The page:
1988. Second edition of The Gold & Silver Buyer's Handbook, with a third edition in 1993.

I also took to writing for the antiques press, with two regular columns for the Antiques Dealer newspaper (a humorous column, and a serious column about the antiques fairs) - this lasted for six years and greatly subsidised the small antiques business and the small mail order business. I employed a part-time packer.

1990s. I moved the business out of home and into an industrial unit in West Watford. I decided, for the sake of continuity, to keep the P.O. box number as the address. Several part-timers worked for Quicktest, both in the office and at the fairs. Then the antiques fairs went into decline, and I lost my job as a columnist (apparently, six years is a good run for a columnist!)

We had now become a 'proper' mail order company, sending the parcels out on contract with Royal Mail (I think the minimum quantity at that time was 3000 per year).

Early 2000s. We moved three times, each time into slightly larger premises, my dad worked for me part time; then he died suddenly; Chris took his place, and soon became full-time. It was hard work with just two of us processing and packing orders, writing and producing mail order catalogues, maintaining a website, and I was still working at some antiques fairs and writing some newspaper articles. Chris left and a succession of part-timers helped out.

2006.Chris came back to work on Sundays, helping mix and bottle the acids in the laboratory.

2007. Mac takes control of the warehouse and dispatch.

2008. We bought our competitor Troytest (the founder, L T W Hansen invented the tester in 1949), and we supplied Troytest and Quicktest precious metal testers to most jewellery wholesalers in the U.K.

2010. We took over the warehouse next door.

2016. We are still a relatively small company, just five of us plus some part-timers and freelancers. This is good. This means that we are all at one location (unlike large mail order companies which are split into several companies scattered throughout the country) - so that we always know what is in stock, and all about the products, and a lot about our customers.


To see its contents and also some rather good reviews click here.

In the 1970s I worked in a jewellers shop just off London's Leicester Square, the main business being scrap and bullion, medals and coins. From my very first days I started gathering 'data' on gold, coins and medallions, and by about 1979 this had, in my mind, transformed itself from pages of charts to a book.

I have an un-dated copy of my 'original idea', called Is it Gold? Is it Silver? and dates from about 1981. It's a hand-folded 36-page booklet, photocopied from originals, typed (by me) on a manual typewriter, and illustrated by cartoonist Phil Philmar. If you have one of these, it's rare, I could only have produced a few dozen.

It seemed, to me, that this could be developed into a proper book, and I set about finding myself an agent to sell it. Literary agents (in the days before the internet) were nearly impossible to find, they hid themselves from the many would-be writers who were liable to walk into their office un-announced - but I found one, Serafina. Now, thirty years later, I notice that not much has changed, Serafina's website states that they are"not currently accepting unsolicited submissions" and that anyone emailing a submission will probably not receive a reply.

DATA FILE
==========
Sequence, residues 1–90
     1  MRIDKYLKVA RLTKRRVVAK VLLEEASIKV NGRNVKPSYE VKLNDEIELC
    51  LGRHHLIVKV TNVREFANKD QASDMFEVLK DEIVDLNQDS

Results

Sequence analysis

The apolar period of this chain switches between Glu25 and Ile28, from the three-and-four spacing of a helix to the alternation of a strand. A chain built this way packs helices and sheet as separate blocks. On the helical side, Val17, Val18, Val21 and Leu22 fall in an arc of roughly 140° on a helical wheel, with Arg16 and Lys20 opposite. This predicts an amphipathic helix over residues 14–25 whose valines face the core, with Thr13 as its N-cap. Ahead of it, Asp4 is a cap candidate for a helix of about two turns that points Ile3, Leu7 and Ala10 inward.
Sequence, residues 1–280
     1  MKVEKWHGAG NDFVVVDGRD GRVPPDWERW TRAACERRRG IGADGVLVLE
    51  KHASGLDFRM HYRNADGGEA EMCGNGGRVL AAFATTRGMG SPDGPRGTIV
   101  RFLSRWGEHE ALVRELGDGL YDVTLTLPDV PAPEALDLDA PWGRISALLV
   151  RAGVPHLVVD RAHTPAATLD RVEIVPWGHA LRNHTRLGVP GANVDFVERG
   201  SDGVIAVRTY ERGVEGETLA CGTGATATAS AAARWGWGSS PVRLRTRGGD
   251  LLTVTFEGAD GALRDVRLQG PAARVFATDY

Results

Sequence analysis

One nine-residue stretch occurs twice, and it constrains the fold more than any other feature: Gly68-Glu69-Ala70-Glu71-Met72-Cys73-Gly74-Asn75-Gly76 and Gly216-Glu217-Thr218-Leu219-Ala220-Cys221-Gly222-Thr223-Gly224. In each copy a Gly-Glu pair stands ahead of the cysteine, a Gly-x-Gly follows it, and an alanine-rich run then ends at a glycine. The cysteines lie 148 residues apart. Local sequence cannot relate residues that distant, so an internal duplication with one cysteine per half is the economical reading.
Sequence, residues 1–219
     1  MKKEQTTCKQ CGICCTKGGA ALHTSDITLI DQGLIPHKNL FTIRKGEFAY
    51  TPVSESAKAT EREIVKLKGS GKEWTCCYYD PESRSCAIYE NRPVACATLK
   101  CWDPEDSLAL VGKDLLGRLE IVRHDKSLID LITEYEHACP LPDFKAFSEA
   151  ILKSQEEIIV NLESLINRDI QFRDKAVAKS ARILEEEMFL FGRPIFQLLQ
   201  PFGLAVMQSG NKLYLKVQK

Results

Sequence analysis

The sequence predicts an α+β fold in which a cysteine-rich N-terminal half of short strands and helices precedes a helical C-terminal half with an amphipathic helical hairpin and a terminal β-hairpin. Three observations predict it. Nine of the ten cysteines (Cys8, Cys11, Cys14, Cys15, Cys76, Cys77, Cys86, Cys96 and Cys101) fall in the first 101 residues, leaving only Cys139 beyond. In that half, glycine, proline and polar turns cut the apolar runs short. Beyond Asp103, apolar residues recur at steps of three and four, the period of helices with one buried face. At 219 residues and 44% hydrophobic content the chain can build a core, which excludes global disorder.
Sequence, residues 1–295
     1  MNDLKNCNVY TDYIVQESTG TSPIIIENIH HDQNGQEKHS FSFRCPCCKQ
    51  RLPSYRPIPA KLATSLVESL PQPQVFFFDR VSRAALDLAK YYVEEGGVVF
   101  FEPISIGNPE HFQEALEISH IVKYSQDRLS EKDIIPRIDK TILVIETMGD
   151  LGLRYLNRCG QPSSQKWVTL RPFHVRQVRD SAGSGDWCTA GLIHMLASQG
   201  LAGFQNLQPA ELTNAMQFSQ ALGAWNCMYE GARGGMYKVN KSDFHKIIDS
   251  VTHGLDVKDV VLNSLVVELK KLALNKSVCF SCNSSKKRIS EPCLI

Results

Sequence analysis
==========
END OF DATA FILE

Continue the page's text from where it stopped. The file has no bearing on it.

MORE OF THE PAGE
Serafina said the book looked interesting enough for her to research, but warned me that there were probably many similar books, in which case she would not be interested.

A few months later (these things take time!) she reported back. My book was, indeed, unique, and she was happy to take it on. A few months later she found a publisher, my book was to be the third on the list (a new 'imprint'). A few months later the publisher was bought out by a larger company...who 'dropped' the entire imprint, thus 'killing' my book and the others on the list.

I decided to publish it myself.

I know, from the ISBN number, that the first edition was in 1986. I've found my own archive copy, and to my amazement it is home-made, photocopied from my own typing, probably on an electric typewriter, with a plain card cover. It has 64 pages. A similar copy has an introduction dated Decembeer 1986 and a glossy cover, I take this to be a reprint of the original, with some amendments.

The second edition is dated 1987 and, again, there are two versions with two different covers and slightly different page formats, it looks as if I progressed from a typewriter to a computer printer, they still look 'home made' but at least they are properly trimmed.

The third edition is dated 1988, professionally printed and bound, 96 pages.

There was then a slight pause, probably because I had printed a couple of thousand books and wanted to sell them before upating the book.

We are now on the fourth edition, 2011, 184 pages.

The Gold & Silver Buyer's Handbook is a proper book, not (as you will see on the internet) a booklet telling you how to 'get rich quick' by buying and selling gold, To see its contents and also some rather good reviews click here.